Four days after one of the strongest storms ever to hit land, aid is starting to arrive in the Philippines.
But getting relief to those who need it most is an additional challenge, with remote typhoon-hit areas proving difficult to reach.
Operations have been hampered because roads, airports and bridges were destroyed or covered in wreckage by surging waves and winds of 314 kph.
Some 660,000 people have been displaced according to the United Nations and many have no access to food, water or medicine.
Large numbers of survivors have still received no aid. The UN and the Philippines government are launching an appeal and action plan.
More medical help is desperately needed in the city of Tacloban. It remains strewn with dead bodies which must be buried urgently to prevent a public health disaster.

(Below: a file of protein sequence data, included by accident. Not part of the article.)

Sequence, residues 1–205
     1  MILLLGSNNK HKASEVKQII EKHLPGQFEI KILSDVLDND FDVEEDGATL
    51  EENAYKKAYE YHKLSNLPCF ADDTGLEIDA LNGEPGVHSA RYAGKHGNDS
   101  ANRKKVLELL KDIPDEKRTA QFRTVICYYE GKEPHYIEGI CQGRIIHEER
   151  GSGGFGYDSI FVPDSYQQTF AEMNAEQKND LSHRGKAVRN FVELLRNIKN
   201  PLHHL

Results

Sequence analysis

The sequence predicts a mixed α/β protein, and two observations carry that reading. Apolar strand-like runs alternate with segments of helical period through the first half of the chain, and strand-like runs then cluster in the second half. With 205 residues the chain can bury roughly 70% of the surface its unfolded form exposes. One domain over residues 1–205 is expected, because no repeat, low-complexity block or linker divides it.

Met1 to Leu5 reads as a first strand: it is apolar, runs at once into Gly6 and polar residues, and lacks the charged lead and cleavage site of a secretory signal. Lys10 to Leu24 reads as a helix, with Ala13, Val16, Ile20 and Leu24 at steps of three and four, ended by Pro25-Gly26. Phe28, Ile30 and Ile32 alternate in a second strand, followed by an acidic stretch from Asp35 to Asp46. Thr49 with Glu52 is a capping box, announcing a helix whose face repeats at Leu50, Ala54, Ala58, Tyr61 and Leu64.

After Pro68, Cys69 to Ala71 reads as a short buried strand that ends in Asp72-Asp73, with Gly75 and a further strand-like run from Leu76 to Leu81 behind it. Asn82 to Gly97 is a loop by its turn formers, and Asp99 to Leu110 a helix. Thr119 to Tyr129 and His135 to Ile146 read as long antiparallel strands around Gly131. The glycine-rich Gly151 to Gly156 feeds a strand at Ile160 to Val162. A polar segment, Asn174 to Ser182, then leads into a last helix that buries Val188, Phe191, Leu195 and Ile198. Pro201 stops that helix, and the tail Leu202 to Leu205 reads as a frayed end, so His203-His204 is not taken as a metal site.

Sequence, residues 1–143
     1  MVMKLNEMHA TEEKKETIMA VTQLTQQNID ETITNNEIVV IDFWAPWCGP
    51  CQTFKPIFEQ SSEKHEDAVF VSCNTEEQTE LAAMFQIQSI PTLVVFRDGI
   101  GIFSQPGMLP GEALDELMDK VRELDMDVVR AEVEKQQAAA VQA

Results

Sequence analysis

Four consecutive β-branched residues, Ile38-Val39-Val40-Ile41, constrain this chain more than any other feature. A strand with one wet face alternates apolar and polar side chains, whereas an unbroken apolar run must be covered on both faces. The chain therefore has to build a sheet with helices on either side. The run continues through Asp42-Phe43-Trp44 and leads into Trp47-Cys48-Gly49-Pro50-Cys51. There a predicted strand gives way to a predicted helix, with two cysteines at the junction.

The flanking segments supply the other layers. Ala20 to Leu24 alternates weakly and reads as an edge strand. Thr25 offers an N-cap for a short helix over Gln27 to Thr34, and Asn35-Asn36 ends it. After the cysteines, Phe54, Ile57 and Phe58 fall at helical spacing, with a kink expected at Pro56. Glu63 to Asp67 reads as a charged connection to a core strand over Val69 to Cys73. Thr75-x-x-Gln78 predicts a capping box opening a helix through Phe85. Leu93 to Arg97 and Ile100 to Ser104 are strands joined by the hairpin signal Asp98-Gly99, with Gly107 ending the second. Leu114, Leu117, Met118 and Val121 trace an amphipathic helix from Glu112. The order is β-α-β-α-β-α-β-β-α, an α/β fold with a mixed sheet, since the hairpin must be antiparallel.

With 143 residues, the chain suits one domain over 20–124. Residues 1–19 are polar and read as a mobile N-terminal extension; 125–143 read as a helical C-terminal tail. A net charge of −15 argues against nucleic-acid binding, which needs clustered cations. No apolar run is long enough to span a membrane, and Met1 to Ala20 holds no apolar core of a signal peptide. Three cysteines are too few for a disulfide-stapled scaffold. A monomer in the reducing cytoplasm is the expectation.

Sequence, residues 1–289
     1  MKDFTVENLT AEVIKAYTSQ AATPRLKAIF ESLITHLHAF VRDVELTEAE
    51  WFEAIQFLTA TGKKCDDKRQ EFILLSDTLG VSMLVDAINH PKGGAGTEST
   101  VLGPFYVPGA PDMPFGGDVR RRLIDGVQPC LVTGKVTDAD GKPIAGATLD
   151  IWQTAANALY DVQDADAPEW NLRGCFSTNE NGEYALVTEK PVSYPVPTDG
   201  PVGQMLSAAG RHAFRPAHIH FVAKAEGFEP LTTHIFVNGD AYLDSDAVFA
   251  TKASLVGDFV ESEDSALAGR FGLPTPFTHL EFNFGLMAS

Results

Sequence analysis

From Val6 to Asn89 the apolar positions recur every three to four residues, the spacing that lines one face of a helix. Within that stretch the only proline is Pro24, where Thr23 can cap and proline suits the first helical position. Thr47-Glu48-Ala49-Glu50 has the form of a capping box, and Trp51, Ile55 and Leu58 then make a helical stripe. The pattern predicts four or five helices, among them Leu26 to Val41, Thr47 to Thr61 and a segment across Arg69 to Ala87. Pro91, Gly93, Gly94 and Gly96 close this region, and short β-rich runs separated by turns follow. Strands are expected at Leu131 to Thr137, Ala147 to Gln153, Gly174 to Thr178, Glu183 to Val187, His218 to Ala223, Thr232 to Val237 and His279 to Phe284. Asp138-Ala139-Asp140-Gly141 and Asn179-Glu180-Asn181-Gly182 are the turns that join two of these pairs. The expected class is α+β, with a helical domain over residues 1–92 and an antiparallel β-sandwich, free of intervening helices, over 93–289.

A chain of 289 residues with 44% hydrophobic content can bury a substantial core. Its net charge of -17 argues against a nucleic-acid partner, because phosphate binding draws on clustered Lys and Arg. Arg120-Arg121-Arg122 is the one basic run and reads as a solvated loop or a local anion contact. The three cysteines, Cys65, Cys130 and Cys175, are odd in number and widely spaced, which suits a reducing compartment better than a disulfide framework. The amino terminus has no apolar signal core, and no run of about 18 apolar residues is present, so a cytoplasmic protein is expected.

International relief efforts are gathering pace, with countries and organisations pledging tens of millions of euros.
A US aircraft carrier is on its way. Britain is sending a navy warship with equipment to make drinking water from seawater and a military transport aircraft. Australia’s seven million euro aid package includes mosquito nets, sleeping mats and tarpaulins.
The European Commission said it would provide eight million euros to help the worst-affected areas.
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